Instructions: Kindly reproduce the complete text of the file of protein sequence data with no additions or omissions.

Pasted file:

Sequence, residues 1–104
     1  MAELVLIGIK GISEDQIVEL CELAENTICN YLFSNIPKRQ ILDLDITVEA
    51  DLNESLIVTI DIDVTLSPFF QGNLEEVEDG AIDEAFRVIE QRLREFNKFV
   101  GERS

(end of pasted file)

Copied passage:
Sequence, residues 1–104
     1  MAELVLIGIK GISEDQIVEL CELAENTICN YLFSNIPKRQ ILDLDITVEA
    51  DLNESLIVTI DIDVTLSPFF QGNLEEVEDG AIDEAFRVIE QRLREFNKFV
   101  GERS